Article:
The above chart presents the results of recent modelling by AGL which shows under a ‘least-cost’ approach renewables will need to grow substantially. This is due to the absence of cost-effective gas supplies (much of east-coast Australia’s large quantities of gas reserves are contracted for export).
Given renewables are required for Australia to hit its climate change targets, the next question for the Review is the nature of the transition. Relying solely on the market will produce ‘disorderly’ replacement of the capital stock.
Renewables are ‘intermittent’ in nature which means they only produce energy when the sun is shining or the wind is blowing. As more renewables are incentivised to come into the market there will be a need to replace the existing fleet of ‘firm’ generators which can be called upon when the wind isn’t blowing or the sun isn’t shining.
If left to the market alone, the transition will be disorderly. Around three-quarters of the existing thermal (coal and gas) power station fleet is beyond its original engineering design life.
As more renewables enter the market, existing generators will see their revenues fall as prices reflect both oversupply of energy and the very low short-run marginal cost of renewables (the wind and sun are free!).
Eventually, this will potentially lead to sudden loss of large volumes of ‘firm’ capacity (as happened in South Australia with the withdrawal of the coal-fired Northern power station) as generators go broke or break.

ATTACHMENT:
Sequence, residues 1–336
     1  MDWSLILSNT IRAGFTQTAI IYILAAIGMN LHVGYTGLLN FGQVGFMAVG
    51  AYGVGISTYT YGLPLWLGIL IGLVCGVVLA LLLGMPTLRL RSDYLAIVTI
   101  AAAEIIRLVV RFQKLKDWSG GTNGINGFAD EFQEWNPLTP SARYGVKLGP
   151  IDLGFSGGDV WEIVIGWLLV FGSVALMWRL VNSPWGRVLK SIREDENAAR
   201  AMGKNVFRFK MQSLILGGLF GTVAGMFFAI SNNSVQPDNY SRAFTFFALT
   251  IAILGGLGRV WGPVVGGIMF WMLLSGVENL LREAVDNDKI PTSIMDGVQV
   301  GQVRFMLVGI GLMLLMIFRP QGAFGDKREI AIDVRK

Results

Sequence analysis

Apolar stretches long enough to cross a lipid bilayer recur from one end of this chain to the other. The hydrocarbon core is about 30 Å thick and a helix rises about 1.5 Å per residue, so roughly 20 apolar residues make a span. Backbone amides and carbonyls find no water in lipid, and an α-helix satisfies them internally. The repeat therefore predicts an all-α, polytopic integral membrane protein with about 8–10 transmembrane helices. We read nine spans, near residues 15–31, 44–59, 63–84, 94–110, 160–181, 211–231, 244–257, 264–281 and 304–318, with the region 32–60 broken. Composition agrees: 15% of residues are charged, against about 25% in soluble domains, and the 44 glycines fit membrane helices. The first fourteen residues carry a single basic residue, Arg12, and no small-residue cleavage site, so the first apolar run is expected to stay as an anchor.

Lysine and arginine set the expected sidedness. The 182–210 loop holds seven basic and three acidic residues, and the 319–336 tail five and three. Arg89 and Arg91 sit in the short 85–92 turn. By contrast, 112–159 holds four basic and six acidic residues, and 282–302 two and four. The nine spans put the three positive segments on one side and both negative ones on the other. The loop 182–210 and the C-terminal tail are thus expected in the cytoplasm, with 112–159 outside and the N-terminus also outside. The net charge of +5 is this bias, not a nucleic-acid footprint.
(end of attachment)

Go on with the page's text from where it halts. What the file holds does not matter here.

As new ‘firm’ capacity won’t be able to be built quickly enough to coincide with the sudden removal of the existing plant, the end result could be prolonged periods of low prices followed by a sudden shift to very high prices. This is obviously not in the interests of consumers, investors or the community.
There are two key ways this could be mitigated. Firstly, governments could introduce a policy requiring power stations to close at the end of their operational life.
This policy would allow for the orderly replacement of the capital stock and could be based upon age, emissions or a market based mechanism as proposed by ANU economists.
Secondly, it would be worth considering how to mitigate the unintended consequences of introducing renewables into the ‘energy-only’ market. New renewable investment policies could require renewable projects to staple a ‘firm capacity right’ to their projects.
In other words, each renewable power station would contract with a firm, flexible thermal plant to provide a ‘virtual power plant’ largely renewable but also ‘firm’ and can be called upon when needed.